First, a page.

Is there an easy way to extrude a planar 2D-mesh to a volume slice?

ring = RegionDifference[Disk[{0, 0}, 1], Disk[{0, 0}, 1/2]];

enter image description here

The thickness of the slice is assumed to be small and should have only some element layers.


  • $\begingroup$ does DiscretizeRegion@RegionProduct[Annulus[], Line[{{0},{1/10}}]] give what you need? $\endgroup$ – kglr Aug 23 '19 at 18:03
  • $\begingroup$ @kglr Thanks, probably yes, but %["Wireframe"] didn't show the mesh. $\endgroup$ – Ulrich Neumann Aug 23 '19 at 18:14
  • $\begingroup$ @kglr Sorry, just one remark. The planar mesh contains ~209 points, the volumemesh ~16814 . That means the mesh has changed significantly, the restriction "keep the planar meshing in some (3-4) layers" is lost. $\endgroup$ – Ulrich Neumann Aug 23 '19 at 18:25

If you want some control over the extruded mesh, under Applications in RegionProduct, there is a nice example.

ring = RegionDifference[Disk[{0, 0}, 1], Disk[{0, 0}, 1/2]];
dr = DiscretizeRegion[ring];
pointsToMesh[data_] :=
   Line@Table[{i, i + 1}, {i, Length[data] - 1}]];
data = Table[Exp[x], {x, 0., 0.5, 0.1}];
r1 = pointsToMesh[data];
rp = RegionProduct[dr, r1];
MeshRegion[rp, PlotTheme -> "Lines"]


You can use Subdivide in place of data if you just want a uniform mesh like so

rUniform = pointsToMesh[Subdivide[0, 0.1, 5]]
rpUniform = RegionProduct[dr, rUniform];
MeshRegion[rpUniform, PlotTheme -> "Lines"]
  • $\begingroup$ Thanks, yes i want some control. Why Exp[x] is needed for data? $\endgroup$ – Ulrich Neumann Aug 23 '19 at 18:33
  • $\begingroup$ It really is just an example of non-uniform grid control. For example, in a Computational Fluid Dynamics problem, you may want to have a boundary layer mesh at the wall that grows exponentially into the fluid domain. $\endgroup$ – Tim Laska Aug 23 '19 at 19:49
  • $\begingroup$ @UlrichNeumann I added a simple uniform mesh extrusion using Subdivide to the answer to complement the non-uniform mesh. $\endgroup$ – Tim Laska Aug 23 '19 at 23:08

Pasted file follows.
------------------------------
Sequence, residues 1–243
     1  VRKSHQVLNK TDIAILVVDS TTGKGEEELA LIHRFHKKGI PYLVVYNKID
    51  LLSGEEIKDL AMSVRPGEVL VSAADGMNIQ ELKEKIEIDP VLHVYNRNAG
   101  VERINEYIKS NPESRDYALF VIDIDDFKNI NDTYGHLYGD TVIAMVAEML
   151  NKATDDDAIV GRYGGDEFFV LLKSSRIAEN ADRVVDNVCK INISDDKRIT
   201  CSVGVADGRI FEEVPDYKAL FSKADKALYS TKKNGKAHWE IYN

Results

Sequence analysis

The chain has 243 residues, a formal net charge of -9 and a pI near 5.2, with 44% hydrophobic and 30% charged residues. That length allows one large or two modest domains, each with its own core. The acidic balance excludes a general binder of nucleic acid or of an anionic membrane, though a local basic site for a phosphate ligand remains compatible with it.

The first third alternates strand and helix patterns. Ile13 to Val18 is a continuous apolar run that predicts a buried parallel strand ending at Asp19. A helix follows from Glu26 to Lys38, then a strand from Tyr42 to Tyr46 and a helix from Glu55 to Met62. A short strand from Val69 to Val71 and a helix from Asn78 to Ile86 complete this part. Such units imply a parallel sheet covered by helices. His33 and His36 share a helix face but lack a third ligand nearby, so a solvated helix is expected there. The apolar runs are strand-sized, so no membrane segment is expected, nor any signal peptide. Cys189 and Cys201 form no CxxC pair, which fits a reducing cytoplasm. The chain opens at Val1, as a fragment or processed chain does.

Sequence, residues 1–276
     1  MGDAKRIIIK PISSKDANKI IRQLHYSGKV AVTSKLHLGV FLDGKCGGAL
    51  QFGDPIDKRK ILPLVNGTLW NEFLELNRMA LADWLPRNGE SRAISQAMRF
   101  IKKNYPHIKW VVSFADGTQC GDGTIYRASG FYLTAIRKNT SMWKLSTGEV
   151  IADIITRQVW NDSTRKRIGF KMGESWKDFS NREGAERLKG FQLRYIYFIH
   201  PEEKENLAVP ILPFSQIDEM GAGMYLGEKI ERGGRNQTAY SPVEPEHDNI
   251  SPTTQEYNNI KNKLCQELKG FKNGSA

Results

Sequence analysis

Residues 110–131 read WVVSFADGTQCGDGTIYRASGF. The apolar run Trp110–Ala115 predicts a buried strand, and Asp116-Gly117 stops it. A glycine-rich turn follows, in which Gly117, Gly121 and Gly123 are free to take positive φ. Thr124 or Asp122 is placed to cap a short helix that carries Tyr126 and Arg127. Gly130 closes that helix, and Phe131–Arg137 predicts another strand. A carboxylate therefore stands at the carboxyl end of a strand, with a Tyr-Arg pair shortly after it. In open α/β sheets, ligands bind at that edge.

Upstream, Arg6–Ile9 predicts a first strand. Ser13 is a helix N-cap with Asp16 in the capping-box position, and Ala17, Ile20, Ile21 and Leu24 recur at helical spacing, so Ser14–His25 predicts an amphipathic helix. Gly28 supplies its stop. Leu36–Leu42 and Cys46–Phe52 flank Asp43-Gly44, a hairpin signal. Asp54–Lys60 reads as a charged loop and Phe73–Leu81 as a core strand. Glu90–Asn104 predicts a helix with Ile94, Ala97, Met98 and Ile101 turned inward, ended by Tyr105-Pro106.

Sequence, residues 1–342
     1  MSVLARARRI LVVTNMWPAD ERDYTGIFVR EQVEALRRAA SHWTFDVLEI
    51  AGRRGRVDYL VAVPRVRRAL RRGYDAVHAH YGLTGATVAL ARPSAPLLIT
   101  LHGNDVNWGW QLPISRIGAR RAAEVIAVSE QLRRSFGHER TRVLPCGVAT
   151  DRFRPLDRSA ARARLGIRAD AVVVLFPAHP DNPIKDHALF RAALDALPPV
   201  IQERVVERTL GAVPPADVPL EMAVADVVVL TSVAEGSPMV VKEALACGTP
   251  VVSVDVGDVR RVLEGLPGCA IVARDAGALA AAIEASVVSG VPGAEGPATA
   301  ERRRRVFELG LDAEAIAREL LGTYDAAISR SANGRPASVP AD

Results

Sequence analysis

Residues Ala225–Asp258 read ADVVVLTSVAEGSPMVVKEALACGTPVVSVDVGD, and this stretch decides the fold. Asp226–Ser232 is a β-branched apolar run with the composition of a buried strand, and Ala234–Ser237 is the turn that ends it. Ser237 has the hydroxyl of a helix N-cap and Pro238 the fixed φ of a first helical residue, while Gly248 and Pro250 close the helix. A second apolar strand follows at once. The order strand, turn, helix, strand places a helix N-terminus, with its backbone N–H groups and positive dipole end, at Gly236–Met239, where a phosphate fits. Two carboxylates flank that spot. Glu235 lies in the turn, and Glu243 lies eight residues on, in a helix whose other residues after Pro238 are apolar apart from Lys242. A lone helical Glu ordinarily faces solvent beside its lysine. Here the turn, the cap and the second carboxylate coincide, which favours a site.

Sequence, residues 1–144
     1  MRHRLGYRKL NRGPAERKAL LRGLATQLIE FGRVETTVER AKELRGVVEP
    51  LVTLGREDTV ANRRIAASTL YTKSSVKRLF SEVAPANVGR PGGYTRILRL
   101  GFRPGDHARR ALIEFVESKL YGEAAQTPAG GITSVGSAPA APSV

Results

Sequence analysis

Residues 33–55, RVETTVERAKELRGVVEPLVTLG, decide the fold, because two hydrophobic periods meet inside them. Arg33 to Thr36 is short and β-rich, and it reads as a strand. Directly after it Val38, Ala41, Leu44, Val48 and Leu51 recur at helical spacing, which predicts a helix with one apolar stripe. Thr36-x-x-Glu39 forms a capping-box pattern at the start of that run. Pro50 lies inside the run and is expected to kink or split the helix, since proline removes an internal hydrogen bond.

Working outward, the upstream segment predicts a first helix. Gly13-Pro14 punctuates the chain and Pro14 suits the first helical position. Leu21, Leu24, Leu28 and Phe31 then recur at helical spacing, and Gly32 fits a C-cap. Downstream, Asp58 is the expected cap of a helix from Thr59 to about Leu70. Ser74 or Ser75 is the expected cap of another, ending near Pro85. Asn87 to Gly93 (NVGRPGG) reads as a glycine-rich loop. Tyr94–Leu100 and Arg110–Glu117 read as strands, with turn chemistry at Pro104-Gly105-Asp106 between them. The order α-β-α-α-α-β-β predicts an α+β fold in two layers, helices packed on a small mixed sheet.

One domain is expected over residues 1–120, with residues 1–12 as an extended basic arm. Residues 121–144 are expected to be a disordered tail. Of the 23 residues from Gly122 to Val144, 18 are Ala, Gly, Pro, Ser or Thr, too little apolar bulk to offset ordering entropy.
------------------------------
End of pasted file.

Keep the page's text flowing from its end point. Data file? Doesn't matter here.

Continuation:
• $\begingroup$ That'it, thank you very much. $\endgroup$ – Ulrich Neumann Aug 24 '19 at 6:06
  • $\begingroup$ You are welcome! $\endgroup$ – Tim Laska Aug 24 '19 at 11:22

I am developing MeshTools package, which contains a convenient function ExtrudeMesh just for this purpose.

First we create a quadrilateral mesh on annulus region. It can be structured or unstructured.


mesh2D = AnnulusMesh[{0, 0}, {1/2, 1}, {64, 4}]


Then we extrude 2D mesh to 3D with ExtrudeMesh. Position and orientation of resulting mesh can be further adjusted with TransformMesh.

mesh = ExtrudeMesh[mesh2D, 1, 4]
mesh["Wireframe"["MeshElementStyle" -> FaceForm@LightBlue]]


Structured (!) hexahedral meshes can be also transformed to tetrahedral meshes with HexToTetrahedronMesh.

HexToTetrahedronMesh[mesh]["Wireframe"["MeshElementStyle" ->FaceForm@LightBlue]]


  • $\begingroup$ Thank you very much. That's what I needed to solve Poisson PDE in a predefined simple mesh. $\endgroup$ – Ulrich Neumann Aug 26 '19 at 8:12
  • $\begingroup$ ...Unfortuantely it only works in v12 (my version is 11.0.1 ) $\endgroup$ – Ulrich Neumann Aug 26 '19 at 8:56
  • $\begingroup$ Hm, I have tested it with 11.1 and it works. What does it complain about (I don't have 11.0 installed)? If you can fix this yourself I am happy to accept your pull request on GitHub. In general I think I could make the package compatible with 11.0, but I would not like to go back even further. $\endgroup$ – Pinti Aug 26 '19 at 9:11
  • 1
    $\begingroup$ Now it works! Thank you for the very useful tool! $\endgroup$ – Ulrich Neumann Sep 9 '19 at 12:54
  • 1
    $\begingroup$ Again thanks for your great tool. When I take a predefined mesh, created with MeshTools, inside NDSolve I observed, that the mesh of the solution doesn't change. Is this a property of MeshTool meshes? $\endgroup$ – Ulrich Neumann Sep 26 '19 at 19:47

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